What the above-mentioned examples all have in common is they extended their scope in order to find superior solutions with a lower environmental impact. Yet, even though the existing research applies design thinking for the sustainability challenge, little research has been found that aims to identify opportunities for better design on an STS level.
2.3. Design Fixation
Design fixation is an established concept in engineering design (see origins in [13
]). Famous examples come from descriptions of large companies like Rolls-Royce and Sony, where design fixations lead to substantial delays in the product development of turbines or the CD players, respectively [36
]. Design fixation is a critical barrier in the ideation stage for creating potential concepts towards design solutions, and thus it is to be avoided in implementing design thinking, where creativity is highly embraced. A classification of design fixations is available [15
]: unconscious adherence, conscious blocking, and intentional resistance.
Unconscious adherence is, for instance, a phenomenon where designers commit to the concepts that they think of first without realising other concepts [37
]. Conscious blocking, which also corresponds to the so-called “curse of experience” [15
] or cognitive entrenchment [38
] in other disciplines, may occur where experience leads to the development of decision rules, heuristics, etc. This may allow for quicker solution finding but at the same time may lead to a problem framing from this body of knowledge and may hamper the generation of new ideas [15
]. Intentional resistance is a kind of nostalgia where previously successful designs are favoured over new ones, which may also be risk-averse behaviour [15
]. This arises from a certain short-term bias where new developments or investments are not given enough time and are discarded before they can evolve. Historical examples may be the non-adoption of the metric system in America or holding on to outdated technologies [15
The other categorisation of design fixation is conceptual versus knowledge-based fixation; the former refers to the situation where a single design concept is considered for a solution, while the latter refers to where knowledge only within one area is used [15
Design fixations may occur for different reasons. In planned obsolescence [39
], product developers deliberately choose shorter-life components to maintain or increase the income from selling products, which may be classified into conscious blocking. Further, concerning knowledge on requirements, engineering designers tend to focus on technically specified requirements [40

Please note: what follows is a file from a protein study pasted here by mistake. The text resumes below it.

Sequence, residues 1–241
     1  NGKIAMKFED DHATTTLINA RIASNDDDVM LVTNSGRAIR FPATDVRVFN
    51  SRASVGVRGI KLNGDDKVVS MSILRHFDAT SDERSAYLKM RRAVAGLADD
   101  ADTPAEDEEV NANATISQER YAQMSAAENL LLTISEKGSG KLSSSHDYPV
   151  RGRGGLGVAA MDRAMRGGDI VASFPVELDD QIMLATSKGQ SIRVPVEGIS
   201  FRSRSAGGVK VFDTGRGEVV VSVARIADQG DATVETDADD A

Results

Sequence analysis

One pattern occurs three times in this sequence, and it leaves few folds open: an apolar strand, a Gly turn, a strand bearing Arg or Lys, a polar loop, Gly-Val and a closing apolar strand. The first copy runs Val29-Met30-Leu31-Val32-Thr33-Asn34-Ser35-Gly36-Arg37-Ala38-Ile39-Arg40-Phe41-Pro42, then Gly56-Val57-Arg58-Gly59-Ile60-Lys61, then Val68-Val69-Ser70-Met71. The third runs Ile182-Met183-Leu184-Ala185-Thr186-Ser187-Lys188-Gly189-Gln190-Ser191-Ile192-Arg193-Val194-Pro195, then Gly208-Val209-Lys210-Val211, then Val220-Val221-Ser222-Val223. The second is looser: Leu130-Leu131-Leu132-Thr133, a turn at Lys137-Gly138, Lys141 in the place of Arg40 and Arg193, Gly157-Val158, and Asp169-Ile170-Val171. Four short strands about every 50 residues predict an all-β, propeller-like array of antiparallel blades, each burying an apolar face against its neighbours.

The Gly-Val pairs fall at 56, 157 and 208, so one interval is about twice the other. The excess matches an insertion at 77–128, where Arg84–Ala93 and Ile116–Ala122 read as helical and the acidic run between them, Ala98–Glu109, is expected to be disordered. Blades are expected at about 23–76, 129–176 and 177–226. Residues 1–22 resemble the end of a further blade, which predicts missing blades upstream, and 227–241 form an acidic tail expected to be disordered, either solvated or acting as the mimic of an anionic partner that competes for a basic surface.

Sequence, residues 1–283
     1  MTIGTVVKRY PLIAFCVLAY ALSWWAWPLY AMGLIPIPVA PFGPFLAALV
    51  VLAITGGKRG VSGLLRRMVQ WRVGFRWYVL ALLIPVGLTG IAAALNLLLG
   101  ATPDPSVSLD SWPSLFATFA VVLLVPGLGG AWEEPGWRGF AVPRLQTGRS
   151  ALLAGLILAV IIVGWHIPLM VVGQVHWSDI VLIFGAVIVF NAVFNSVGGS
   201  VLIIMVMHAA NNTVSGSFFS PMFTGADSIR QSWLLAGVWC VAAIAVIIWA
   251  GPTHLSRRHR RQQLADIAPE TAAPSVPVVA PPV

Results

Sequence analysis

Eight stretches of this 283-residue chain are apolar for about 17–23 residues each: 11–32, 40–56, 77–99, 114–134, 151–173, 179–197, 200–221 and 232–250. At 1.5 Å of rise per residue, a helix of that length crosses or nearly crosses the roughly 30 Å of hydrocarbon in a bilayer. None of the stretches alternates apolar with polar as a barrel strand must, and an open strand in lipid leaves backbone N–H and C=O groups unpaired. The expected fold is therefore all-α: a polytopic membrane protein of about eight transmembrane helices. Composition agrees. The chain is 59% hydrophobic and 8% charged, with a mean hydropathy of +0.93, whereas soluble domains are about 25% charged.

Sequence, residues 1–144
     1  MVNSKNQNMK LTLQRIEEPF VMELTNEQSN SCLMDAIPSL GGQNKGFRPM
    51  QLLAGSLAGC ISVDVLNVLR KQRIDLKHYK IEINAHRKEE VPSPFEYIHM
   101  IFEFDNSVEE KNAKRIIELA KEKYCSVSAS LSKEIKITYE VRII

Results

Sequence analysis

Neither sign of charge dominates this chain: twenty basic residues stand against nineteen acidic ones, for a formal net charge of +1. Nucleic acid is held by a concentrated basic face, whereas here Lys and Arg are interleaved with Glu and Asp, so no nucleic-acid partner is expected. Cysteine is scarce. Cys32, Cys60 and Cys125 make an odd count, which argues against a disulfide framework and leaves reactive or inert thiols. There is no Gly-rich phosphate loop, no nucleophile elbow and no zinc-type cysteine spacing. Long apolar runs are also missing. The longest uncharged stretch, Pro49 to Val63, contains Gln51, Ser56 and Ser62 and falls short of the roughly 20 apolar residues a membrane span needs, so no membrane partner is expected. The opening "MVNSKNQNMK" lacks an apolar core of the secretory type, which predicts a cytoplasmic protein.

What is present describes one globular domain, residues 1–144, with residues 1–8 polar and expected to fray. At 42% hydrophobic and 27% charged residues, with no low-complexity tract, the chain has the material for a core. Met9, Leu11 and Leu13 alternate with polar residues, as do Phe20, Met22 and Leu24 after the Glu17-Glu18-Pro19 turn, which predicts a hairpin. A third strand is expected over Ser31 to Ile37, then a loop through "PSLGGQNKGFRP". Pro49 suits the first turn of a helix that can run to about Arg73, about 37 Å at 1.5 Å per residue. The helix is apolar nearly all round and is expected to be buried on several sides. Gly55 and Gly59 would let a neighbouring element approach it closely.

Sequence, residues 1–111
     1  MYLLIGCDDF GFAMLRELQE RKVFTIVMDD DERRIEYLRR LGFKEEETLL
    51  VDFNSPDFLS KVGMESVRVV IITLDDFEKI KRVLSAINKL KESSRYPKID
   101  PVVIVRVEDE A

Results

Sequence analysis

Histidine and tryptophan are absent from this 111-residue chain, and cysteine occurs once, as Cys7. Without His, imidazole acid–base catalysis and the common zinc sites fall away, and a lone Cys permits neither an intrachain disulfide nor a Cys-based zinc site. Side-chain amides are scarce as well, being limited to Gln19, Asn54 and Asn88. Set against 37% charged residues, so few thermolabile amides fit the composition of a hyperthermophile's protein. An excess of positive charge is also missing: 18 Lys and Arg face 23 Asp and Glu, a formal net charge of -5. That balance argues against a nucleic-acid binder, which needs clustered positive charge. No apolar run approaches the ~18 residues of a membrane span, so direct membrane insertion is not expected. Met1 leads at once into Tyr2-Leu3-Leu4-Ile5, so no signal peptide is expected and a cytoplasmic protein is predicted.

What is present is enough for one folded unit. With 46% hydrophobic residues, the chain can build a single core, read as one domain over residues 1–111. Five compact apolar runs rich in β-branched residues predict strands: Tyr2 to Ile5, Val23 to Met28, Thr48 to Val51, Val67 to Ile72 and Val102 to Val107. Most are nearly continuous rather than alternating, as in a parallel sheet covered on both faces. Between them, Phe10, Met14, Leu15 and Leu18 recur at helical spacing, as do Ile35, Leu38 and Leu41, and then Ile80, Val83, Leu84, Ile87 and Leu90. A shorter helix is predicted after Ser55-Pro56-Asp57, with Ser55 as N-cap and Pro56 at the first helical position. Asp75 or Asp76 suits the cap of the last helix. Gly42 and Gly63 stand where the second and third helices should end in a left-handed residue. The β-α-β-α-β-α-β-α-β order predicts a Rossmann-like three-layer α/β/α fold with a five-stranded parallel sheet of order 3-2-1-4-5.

]. This may also lead to unaccepted products due to their failure to consider unspoken customer needs that are widespread in marketing, which in turn may correspond to knowledge-based fixation with unconscious adherence.
Methods for preventing the various types of design fixations were summarised in a literature review [15
]. A timely warning to consider all options is suggested for unconscious conceptual fixation [41
], and including physical prototyping materials during the conceptual design to inform of phenomena in different domains is a possible remedy for unconscious knowledge fixation [15
]. For conscious blocking, short breaks are considered useful [42
]; also, design training methods, for example TRIZ [43
], are possibly effective, and computer-assisted design is beneficial [44
]. Intentional resistance is left with no known conceivable remedy but interdisciplinary cooperation, creativity exercises, or changes in beliefs [45
]. Regarding practice in industry, based on interviews with expert designers, Crilly [46
] categorised practices into five factors that discourage fixation: teamwork with other designers, systematic design methods, facilitation by experts, making of computational or physical models and expectations by clients.
As briefly reviewed above, design fixation was mostly analysed at the micro level of design and mainly in an industrial or manufacturing context, i.e., focusing on the activities of an individual designer or a group of designers in one manufacturing organisation. Considering the importance of the systems perspective and the STS, applying the concept of design fixation and its associated knowledge to the higher levels is expected to create useful insights in the sustainability context.